Small towns haven't been gutted by sprawl. They've been gutted because people left to find work. Don't confuse exurban development with what is happening in rural Minnesota. People drive into New Ulm because as you say, the smaller towns have lost a lot of their retail. I don't know how it could be any different given the changes in agriculture.
I'll agree with much of what you wrote. Small towns (let's say <5,000 people) don't often experience sprawl in the same way a major metro does. There may not be as many large-lot non-farm households outside a Tracy, MN as Matt suggests (looking at this
view of the area makes it pretty clear most HHs in the vicinity are farms, again, just using Tracy as an example). It is probably true that Tracy tax base, like most small towns, was hurt quite a bit by losing workers due to ag industrialization. Maybe Tracy could have afforded the roads and parks it has now when every family had at least 1, if not 2, steady jobs (1 at an area farm/town grain elevator(etc) and one in a local store/school/etc).
But that clearly isn't the case anymore. Now, a solid chunk of people drive to Marshall to work. Tracy is lucky in that it has a hospital as a job engine (most small towns like this don't), and an air field (subsidized by the FAA). The high school *is* way out on the edge of town not really connected with the street grid (there was an older one in more traditional form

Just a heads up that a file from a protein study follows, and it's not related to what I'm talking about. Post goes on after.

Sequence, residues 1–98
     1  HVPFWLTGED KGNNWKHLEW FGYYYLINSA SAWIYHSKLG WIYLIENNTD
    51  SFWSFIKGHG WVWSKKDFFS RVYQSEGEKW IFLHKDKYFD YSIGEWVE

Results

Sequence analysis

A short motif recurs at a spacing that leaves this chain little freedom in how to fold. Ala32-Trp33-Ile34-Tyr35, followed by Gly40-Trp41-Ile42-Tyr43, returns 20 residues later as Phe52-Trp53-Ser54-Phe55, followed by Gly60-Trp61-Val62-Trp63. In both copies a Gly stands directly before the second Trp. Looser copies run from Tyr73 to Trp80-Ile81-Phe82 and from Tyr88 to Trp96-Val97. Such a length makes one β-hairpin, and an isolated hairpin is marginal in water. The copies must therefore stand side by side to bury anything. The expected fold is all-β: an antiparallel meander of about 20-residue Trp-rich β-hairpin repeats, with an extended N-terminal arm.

, not sure if it was destroyed in the big tornado back in the 1968 tornado?). The hospital is as well, just a little better about it. Hwy 14 does have a lot of development that sprung up along it since the 1950s, with some notable new stuff (an Auto Value, a Subway, a Family Dollar soon!). All the while, downtown's storefronts include a city-owned bar/liquor store, a library, a city-run senior center, the municipal building (community center/city offices/etc), and quite a few few empty storefronts. Again, every town isn't exactly the same. But they do sprawl in their own ways, and they did so at a time when they were clearly losing tax base/residents/jobs/etc. Further, of the 622 people who work in Tracy, only 24% live there. Maybe, from a MnDOT perspective, roads like Hwy 14 need focus while counties let the farm-serving roads (of which many are paved, perhaps unnecessarily) go back to gravel.
Tracy received $908k in 2014 LGA. I'm not sure how much help they're getting in any CSAH/MSAS spending. I'd much rather the stat gov't work with towns like this to right-size themselves to make the balance sheets work. Maybe that means spending $908k a year for 10 years buying properties on the fringe off in exchange for more central location. Maybe it means doing some complete streets projects focused on the core. I have no idea what will work for sure. But I just don't think throwing more transpo & LGA money at these slowly dwindling towns is a good use of money just so everyone can drive in & park for free on 45' wide asphalt streets downtown or swim at the really nice community pool that loses $60k/year (just making a number up).
[This is not an indictment of anyone in Tracy, just using it as an example having spent some time there and talking in detail with city leaders]